I find working with supermarket retail clients really interesting. The fast pace and the sheer amount of consumers visiting single store is mind-boggling. Actually one of my first projects when I started to work in Singapore was around retail clients (having done my share of retail clients back in Finland). Although I do not currently work with retail client, I am still learning every time I go to my near store. You learn from the actual store, the products and especially how people go berserk in the queues.
Last Saturday I started to count my lessons during one (not brief, not pleasant) trip to my nearest hypermarket, Giant. There were five major ones:
1. Your habits change only when you are forced to it
As we know shopping habits are hard to break. Usually it requires quite drastic change for person to change his everyday shopping habits. One of those drastic changes is moving to another country.
In Helsinki my shopping habits was probably best described as wanna-be hipster yuppie being extreme hurry. Weekday groceries were done in the fast and convenient nearby store. On weekends I was mostly shopping in overpriced organic artisanal specialty shops spending my hard-earned pennies in hyper-expensive bread, beers, charcuterie and probably some superfoods (although I do not even know what that means).
After moving to Singapore, I took a drastic time travel and suddenly became middle-aged suburbanite who goes to hypermarket every week. What the hell happened to me? Suddenly I also became super price-conscious and am currently comparing the price development of guavas weekly. I am ashamed of myself, but there is practical reason for this change.
2.Identify the key products that drive the shopping decisions
Behavioral psychologist would probably find different traumas attached to my moving, but actually the sudden shift of my shopping habits was tied to one single product: yoghurt. Although I appreciate my hokkien mee as the next man, I still need my western breakfast (yoghurt+muesli) every morning. Smaller convenience stores do not stock bigger yoghurt packages, so the closest option was the nearby hypermarket. It is always truly educating experience to get lost in there.
3. When you learn the floor plan, you do not want to change your store
It took me last weekend almost 20 minutes to find light bulbs!
You think that the floor plans of the hypermarkets are logical, but they are not. They are deceptive mazes, where you get lost and end up buying candy and dental floss even though you do not need either one. Messy floor plans are good way to increase the loyalty. You do not want to search another 20 minutes of light bulbs in a strange store. Once you learn the floor plan of your designated store, you shop there forever. Even if the store would close down.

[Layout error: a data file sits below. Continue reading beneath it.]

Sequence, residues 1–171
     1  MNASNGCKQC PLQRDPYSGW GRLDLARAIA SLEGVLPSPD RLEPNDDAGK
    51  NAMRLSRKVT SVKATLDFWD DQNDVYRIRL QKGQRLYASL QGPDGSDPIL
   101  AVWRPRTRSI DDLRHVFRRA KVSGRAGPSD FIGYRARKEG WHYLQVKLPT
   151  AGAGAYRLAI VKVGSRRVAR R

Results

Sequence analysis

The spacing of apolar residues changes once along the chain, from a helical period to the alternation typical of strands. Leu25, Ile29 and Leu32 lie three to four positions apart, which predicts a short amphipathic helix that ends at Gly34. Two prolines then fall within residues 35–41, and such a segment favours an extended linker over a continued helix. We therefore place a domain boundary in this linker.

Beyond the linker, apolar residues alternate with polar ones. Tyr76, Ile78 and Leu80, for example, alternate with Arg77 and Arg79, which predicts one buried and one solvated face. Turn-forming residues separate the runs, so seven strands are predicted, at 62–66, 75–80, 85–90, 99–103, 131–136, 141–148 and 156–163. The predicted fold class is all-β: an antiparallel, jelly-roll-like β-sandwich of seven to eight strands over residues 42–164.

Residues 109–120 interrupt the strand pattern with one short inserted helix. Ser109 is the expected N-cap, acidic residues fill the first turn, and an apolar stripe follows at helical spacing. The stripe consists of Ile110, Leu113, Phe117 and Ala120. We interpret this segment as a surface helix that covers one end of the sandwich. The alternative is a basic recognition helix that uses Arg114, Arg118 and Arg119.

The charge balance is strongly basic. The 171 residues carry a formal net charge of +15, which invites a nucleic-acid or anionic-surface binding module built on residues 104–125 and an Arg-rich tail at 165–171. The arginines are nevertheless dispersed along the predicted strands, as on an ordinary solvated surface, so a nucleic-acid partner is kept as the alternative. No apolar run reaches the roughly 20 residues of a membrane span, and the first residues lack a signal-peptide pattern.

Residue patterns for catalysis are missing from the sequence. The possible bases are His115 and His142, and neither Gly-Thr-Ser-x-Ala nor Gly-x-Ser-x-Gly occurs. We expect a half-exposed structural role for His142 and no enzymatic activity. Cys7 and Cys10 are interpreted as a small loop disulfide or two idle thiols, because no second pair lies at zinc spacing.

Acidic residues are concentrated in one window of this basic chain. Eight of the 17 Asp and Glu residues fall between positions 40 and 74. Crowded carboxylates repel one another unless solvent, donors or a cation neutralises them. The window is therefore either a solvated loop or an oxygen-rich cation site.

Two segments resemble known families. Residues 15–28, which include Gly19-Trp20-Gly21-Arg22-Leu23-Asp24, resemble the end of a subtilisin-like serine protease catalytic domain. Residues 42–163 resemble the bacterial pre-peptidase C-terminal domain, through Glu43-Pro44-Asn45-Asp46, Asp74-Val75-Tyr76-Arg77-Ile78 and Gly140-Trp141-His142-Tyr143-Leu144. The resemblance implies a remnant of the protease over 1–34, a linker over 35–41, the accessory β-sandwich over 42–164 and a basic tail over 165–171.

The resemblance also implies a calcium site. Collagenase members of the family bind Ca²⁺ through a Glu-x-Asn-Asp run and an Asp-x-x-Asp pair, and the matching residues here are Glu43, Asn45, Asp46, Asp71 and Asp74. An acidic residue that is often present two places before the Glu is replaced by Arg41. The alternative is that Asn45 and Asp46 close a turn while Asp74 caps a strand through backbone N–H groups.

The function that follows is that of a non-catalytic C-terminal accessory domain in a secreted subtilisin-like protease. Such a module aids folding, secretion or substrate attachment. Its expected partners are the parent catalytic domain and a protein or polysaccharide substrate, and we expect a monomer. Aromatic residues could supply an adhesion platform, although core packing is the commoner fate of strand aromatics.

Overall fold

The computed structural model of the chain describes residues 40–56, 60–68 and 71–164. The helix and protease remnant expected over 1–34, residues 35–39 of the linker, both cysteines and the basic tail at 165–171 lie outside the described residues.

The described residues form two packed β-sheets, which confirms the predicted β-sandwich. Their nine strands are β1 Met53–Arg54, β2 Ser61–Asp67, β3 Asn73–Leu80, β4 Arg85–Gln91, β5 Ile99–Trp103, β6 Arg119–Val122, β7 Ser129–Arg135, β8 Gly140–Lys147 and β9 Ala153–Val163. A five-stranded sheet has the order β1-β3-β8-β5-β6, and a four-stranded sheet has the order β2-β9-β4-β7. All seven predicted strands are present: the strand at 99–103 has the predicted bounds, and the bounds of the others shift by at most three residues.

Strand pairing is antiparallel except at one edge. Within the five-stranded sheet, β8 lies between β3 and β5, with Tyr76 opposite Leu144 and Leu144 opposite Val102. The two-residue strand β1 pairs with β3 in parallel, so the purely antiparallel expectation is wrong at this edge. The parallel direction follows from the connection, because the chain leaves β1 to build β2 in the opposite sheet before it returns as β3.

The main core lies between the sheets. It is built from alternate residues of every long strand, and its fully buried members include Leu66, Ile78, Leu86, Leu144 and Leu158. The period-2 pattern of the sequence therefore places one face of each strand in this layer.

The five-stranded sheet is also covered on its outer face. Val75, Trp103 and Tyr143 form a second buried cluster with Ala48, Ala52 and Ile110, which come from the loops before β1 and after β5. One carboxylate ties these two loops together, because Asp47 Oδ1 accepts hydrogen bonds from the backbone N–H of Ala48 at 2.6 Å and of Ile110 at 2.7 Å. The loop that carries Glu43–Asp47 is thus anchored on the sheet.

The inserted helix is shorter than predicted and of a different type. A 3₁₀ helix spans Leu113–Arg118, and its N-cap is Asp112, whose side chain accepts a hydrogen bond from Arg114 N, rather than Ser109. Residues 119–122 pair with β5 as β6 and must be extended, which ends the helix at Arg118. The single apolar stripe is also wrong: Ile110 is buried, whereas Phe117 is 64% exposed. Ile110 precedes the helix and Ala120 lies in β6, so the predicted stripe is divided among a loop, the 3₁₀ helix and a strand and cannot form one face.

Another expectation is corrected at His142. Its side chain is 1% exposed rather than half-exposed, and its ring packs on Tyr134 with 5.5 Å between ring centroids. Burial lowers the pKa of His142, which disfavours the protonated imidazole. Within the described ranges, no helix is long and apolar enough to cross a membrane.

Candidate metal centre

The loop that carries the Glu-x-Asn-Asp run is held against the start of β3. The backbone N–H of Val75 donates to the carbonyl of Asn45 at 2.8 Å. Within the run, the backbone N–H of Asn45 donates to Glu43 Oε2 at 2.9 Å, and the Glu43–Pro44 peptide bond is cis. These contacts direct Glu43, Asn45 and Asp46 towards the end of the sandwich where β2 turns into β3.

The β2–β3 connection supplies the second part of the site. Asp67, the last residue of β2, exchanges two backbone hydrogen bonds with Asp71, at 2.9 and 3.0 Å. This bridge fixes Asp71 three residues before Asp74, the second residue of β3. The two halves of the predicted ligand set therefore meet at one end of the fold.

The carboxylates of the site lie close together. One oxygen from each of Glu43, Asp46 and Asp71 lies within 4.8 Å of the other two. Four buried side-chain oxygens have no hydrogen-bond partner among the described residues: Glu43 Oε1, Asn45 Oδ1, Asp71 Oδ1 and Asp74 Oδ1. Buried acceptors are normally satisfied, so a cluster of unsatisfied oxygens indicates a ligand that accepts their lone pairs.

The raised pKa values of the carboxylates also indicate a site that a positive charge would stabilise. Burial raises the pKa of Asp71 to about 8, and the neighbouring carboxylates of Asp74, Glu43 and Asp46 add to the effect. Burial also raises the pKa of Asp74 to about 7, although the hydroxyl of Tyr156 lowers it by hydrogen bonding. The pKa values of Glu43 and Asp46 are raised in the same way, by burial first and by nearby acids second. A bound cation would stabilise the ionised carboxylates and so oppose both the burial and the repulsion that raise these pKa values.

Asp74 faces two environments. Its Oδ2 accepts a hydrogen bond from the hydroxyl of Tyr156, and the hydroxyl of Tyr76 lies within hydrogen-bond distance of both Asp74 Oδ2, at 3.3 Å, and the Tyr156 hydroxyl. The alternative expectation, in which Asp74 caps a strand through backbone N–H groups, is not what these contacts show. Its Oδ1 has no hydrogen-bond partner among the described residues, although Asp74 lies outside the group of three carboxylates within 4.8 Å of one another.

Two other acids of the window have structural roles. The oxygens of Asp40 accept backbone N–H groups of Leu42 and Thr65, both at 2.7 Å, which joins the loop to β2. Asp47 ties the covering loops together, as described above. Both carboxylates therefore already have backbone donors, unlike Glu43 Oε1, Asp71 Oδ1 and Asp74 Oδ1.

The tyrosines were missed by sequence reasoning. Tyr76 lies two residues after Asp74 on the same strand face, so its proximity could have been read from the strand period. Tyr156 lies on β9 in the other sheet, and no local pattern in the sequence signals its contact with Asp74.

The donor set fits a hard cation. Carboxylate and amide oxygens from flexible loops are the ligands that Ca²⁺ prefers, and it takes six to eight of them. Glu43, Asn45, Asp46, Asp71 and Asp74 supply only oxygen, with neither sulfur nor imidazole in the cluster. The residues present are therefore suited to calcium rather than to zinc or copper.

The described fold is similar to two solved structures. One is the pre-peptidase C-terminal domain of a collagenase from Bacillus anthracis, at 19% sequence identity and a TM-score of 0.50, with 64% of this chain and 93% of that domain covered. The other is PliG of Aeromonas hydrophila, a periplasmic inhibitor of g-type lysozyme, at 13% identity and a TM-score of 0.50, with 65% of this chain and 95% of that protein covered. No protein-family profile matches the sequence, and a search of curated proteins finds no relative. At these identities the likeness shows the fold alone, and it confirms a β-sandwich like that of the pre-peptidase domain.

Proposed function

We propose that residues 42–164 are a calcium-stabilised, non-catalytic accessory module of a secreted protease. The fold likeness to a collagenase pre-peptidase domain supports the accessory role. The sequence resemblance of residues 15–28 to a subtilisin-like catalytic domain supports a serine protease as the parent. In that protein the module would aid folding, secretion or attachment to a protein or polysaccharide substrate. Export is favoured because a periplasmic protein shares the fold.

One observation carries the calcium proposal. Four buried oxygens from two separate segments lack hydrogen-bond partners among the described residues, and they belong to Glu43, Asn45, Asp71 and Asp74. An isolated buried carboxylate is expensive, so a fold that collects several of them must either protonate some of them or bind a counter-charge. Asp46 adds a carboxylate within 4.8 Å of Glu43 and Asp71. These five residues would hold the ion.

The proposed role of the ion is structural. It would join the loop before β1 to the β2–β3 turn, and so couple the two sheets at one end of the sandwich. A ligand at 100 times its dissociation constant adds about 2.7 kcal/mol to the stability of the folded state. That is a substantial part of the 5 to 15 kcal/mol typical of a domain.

4. Not every promotion is an effective one
Back to the yoghurt: my main brand Marigold has the creepiest promotions and promoters. Last Saturday they handed me this:
What the hell is this? Turtle with udders? Also it was super odd situation in general. I was stacking the yoghurt when promoter suddenly came and handed me this item (+coasters as well, which I could understand). How weird is that? You have promoters stalking the dairy shelves and attacking the person who is buying certain brand. Truly disturbing, but on the other hand I got a Christmas present for some lucky bastard.
5.Do smart innovations
I am all for innovative solutions, but sometimes too much innovation does not make sense. I tested out first time the self-service check out in Giant and it was a complete fiasco.
Majority of the products I was buying were. Fruits do not have barcodes. Barcodes are quite essential for self-scanning. I was not the only one messing up the fancy new technology. I actually took certain pride of being the only customer who did not double scan any of the items.
Because of this design flaw, every self-service check out kiosk actually had one person to help people to go through the tedious process. How in the hell that makes business sense? How can you even call those kiosks self-serve?
Eventually the self-checking of the products took way longer than the normal route. Sometimes it is better to innovate more modestly. Good way to start in Singapore would be to introduce self-packing and start charging for the plastic bags. Nevertheless what I buy I always end with over 20+ plastic bags and every single item in different bags. In environment like this self-service is just too big step for an average consumer like me!
I learned so much last week during my hypermarket visit that I can´t just wait to skip the whole process this week. I rather live without my yoghurt.
Originally published at standupstrategy.org on November 25, 2013.